Whiskey in the Ruins

Ruins of Lindores - the lingering effects of Knox and Companions (wikipedia.org)

This first day of June, is apparently is the anniversary of the invention of Scotch whiskey – Gaelic for aqua vitae – the water of life – which is what the Tironesian monk John Cor at Lindores Abbey outside of Fife first called the distilled malt liquor he had concocted in 1495.

As the Latin entry has it in the Exchequer Rolls:

 Fratri Johanni Cor…de mandato domini regis ad faciendum aquavite, infra hoc compotum viij bolle brasii

Which may be translated as:

To Brother John Cor, by order of the King, to make aqua vitae VIII bolls of malt.

Scotch is now one of the most popular drinks in the world, and the concoction has certainly lasted longer than the abbey. Sixty years or so after the first batch, the monastery was ransacked and destroyed by the apostate priest John Knox and his fellow iconoclasts, who smashed, burned and pillaged everything they could get their hands on in 1559, dispersing monks who remained, and leaving the noble building to fall into rack and ruin.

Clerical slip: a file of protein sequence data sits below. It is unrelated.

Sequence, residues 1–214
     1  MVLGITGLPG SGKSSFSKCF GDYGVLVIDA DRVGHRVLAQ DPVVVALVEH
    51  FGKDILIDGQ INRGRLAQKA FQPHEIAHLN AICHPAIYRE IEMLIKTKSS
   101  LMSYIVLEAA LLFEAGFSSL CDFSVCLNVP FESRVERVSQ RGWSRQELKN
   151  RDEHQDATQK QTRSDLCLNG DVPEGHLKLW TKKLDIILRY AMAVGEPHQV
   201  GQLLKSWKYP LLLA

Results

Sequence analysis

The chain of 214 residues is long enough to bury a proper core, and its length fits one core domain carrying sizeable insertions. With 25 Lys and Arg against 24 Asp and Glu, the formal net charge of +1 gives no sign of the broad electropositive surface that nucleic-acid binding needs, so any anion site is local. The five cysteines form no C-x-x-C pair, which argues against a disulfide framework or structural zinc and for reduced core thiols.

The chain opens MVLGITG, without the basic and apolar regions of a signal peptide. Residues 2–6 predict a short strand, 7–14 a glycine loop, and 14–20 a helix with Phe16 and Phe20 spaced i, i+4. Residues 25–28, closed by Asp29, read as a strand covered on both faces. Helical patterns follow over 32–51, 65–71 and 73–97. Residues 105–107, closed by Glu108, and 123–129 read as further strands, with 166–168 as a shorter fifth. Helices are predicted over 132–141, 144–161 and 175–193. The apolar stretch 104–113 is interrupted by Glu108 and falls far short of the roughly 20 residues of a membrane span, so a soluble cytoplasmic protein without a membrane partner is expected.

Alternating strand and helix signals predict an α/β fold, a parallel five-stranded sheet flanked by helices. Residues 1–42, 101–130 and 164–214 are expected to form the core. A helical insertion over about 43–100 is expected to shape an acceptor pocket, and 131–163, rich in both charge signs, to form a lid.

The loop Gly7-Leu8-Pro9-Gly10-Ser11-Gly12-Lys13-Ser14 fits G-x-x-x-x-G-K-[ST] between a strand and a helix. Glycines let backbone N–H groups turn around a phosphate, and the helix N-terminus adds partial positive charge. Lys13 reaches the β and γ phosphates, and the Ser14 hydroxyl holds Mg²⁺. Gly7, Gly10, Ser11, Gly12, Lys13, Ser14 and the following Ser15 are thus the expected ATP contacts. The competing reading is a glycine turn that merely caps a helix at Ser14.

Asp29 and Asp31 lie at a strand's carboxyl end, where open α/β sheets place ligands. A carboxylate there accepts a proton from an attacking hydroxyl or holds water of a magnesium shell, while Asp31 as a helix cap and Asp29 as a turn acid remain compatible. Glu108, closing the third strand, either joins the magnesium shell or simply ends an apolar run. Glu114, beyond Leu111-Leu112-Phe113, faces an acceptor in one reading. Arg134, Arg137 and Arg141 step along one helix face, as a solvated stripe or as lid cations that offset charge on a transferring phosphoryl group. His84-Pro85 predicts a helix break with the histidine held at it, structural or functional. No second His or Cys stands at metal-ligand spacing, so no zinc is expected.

Lindores ABbey Distillery, outside Fife. (wikipedia.org)

That is, until 2017, when the ‘abbey’ was re-opened as a distillery, with ‘Lindores Abbey Scotch’ as their brand name. I’m not sure Brother Cor would recognize what has become of his stone walls, within which he worked its maltish magic.

I’d rather the monks still made the Scotch, as is the case with so much of very fine Trappist and and other monk-made beer, as mentioned in my post for Victoria Day. As far as I know, there is no monastery making Scotch, even if the Buckfast monks in the south of England still produce their stout wine.

That could be a vocation for some of you young men out there – after all, there is a market, and this writer would certain purchase a batch or two to support your fine cause.